Though not ideal, there are times when project deadlines may be pushed up. In those situations, there are two schedule compression techniques you can use: fast tracking and crashing.
Fast tracking: Look at the critical path to determine activities that can be performed simultaneously. Running parallel processes will speed up the overall duration.
Crashing: This process involves allocating more resources to speed up activities. Before obtaining more resources, make sure that it would still be within the project scope and let the stakeholders know of any changes.
Having the critical path plotted out can help you choose the appropriate strategy to meet updated deadlines.Read: How to create project schedules to make work easier
Keep in mind that CPM doesn’t take resource availability into account. When there is a resource shortage, like an overbooked team member or lack of equipment, you can use resource leveling techniques to solve the issue.
These techniques aim to resolve resource overallocation issues and ensure that a project can be completed with the resources that are currently available.
Resource leveling works by adjusting project start and end dates, so you may have to readjust the critical path or apply this technique to activities with float.Read: If you love maximizing team impact, you’ll love resource allocation
The schedule created from CPM is subject to change since you’re working with educated estimates for activity durations. You can compare the original critical path to the actual critical path as the project runs.
This data can be used as a reference to get more accurate task duration estimates for future projects.
CPM and Project Evaluation and Review Technique (PERT) were both developed in the 1950s. PERT is used to estimate uncertainty around project activities by applying a weighted average of optimistic and pessimistic. It evaluates the time needed to complete an activity.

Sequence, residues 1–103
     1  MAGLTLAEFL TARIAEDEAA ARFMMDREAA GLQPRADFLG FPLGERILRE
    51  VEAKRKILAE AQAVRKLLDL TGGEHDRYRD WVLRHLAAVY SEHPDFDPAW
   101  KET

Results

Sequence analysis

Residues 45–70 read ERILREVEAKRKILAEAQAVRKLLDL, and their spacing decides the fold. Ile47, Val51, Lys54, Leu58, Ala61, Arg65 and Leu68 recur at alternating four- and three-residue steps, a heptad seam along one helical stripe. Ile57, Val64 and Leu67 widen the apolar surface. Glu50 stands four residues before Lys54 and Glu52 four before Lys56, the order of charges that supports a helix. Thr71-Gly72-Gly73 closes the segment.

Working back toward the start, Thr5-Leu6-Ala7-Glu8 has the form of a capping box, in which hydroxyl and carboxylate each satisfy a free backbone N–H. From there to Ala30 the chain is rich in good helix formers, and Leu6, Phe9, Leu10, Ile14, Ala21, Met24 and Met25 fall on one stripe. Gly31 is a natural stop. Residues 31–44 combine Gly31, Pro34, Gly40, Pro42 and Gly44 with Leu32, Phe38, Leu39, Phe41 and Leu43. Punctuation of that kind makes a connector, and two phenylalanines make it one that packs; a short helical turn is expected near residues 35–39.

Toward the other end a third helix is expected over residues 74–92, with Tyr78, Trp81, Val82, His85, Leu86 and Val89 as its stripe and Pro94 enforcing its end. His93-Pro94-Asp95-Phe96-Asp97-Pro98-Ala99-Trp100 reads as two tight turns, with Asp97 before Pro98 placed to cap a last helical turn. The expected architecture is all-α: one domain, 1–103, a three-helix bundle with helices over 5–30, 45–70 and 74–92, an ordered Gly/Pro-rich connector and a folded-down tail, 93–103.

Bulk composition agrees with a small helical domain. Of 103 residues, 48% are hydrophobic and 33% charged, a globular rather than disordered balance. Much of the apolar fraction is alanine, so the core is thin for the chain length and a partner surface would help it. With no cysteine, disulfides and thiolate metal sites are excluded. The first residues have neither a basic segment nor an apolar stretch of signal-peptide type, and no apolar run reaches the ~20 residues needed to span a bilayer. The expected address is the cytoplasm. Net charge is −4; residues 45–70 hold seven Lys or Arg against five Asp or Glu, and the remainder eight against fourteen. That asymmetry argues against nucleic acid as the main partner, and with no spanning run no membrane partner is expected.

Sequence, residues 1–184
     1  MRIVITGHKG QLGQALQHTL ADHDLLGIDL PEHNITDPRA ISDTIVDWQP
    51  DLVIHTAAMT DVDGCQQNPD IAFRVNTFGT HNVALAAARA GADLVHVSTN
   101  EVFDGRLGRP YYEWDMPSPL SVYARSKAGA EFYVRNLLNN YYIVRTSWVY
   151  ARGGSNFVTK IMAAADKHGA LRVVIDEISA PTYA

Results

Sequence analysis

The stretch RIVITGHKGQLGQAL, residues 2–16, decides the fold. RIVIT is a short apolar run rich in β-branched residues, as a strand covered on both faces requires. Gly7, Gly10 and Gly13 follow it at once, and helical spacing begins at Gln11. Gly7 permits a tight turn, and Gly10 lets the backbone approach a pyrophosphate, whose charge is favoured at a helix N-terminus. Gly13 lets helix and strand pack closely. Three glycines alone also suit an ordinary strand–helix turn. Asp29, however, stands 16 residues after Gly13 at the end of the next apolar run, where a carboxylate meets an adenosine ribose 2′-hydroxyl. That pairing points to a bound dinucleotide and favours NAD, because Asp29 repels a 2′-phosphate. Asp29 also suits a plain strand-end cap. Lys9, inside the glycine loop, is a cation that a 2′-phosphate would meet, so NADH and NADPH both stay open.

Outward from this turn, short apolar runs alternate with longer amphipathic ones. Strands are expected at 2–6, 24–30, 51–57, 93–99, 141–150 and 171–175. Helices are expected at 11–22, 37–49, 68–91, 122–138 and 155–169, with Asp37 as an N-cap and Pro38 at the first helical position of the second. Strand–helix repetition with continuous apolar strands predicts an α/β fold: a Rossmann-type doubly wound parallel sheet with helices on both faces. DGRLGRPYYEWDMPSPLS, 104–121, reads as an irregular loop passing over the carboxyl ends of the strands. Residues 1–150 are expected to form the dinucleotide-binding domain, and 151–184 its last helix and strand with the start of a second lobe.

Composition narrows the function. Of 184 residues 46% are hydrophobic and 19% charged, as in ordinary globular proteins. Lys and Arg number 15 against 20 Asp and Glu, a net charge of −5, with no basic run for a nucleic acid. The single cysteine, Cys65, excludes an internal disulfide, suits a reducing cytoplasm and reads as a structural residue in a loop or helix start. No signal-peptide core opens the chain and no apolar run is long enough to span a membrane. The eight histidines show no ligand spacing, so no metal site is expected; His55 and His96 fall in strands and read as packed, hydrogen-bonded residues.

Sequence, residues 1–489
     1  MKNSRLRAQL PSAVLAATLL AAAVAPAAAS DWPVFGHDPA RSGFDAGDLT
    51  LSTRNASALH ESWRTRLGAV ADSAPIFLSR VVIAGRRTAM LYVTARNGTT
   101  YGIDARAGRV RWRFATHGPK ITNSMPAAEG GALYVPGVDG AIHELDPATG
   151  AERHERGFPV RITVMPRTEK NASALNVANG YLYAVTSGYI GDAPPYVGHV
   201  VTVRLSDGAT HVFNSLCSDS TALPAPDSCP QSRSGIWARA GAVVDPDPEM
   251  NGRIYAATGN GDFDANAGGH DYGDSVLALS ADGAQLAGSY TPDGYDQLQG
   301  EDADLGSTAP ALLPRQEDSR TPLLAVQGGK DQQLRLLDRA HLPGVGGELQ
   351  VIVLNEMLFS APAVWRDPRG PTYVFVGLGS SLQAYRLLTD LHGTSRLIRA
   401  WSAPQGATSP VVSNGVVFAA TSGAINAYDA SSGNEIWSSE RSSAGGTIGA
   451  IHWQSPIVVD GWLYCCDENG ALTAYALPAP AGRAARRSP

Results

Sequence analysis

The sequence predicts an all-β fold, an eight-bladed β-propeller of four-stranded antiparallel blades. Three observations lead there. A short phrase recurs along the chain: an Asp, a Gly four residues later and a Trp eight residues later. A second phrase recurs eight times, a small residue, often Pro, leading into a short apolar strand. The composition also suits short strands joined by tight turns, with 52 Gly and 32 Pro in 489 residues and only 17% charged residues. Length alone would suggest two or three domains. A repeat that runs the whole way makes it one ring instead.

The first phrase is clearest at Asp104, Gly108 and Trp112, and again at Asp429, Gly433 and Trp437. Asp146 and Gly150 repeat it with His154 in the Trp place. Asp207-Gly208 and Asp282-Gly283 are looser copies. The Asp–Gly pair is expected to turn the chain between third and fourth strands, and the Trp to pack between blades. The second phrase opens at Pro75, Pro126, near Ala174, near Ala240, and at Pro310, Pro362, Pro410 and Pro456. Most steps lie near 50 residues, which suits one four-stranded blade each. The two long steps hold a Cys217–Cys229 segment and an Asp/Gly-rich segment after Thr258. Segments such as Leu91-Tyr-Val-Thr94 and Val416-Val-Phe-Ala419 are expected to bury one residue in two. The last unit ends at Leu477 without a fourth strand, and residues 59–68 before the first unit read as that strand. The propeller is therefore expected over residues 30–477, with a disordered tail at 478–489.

PERT uses three estimates to find a range for the duration of an activity:
Most likely estimate (M)
The calculation for PERT is: Estimated time = (O + 4M + P) / 6
The main difference between PERT and CPM is their level of certainty around activity durations—PERT is used to estimate the time required to complete activities, whereas CPM is used when the activity durations are already estimated.
Let’s see how the two techniques compare:
PERT manages uncertain project activities, CPM manages predictable project activities.
PERT focuses on meeting or minimizing project duration, CPM focuses on time-cost-trade offs.
PERT is a probabilistic model, CPM a deterministic model.
PERT has three estimates for each activity, CPM just one.
Differences aside, both PERT and CPM analyze the following components:
List of required tasks
Estimated duration for each task
The two techniques can be used in tandem to boost their effectiveness. You can use PERT to get more realistic estimates of task durations before proceeding to calculate the critical path and floats.
Gantt charts are horizontal bar charts that map out project activities, which can be tracked against a set timeline. Both CPM and Gantt charts show the dependencies between tasks.
Let’s go over some differences between the two tools:
Visualizes critical and non-critical paths and calculates project duration
Displayed as network diagram with linked boxes
Doesn’t show resources required
Plots activities on network diagram without timescale
Visualizes how project activities are progressing
Displayed as horizontal bar chart
Shows resources required for each activity
Plots activities on a timescale
Gantt charts can be paired with CPM to track critical paths over time to keep your project running on schedule.
CPM can be a useful asset in project management, particularly for planning tasks and managing resources. With the help of project planning tools, you’ll be able to create schedules and track projects with ease. To further increase your work efficiency, check out 12 tips to be more productive today.Read: 12 tips to be more productive today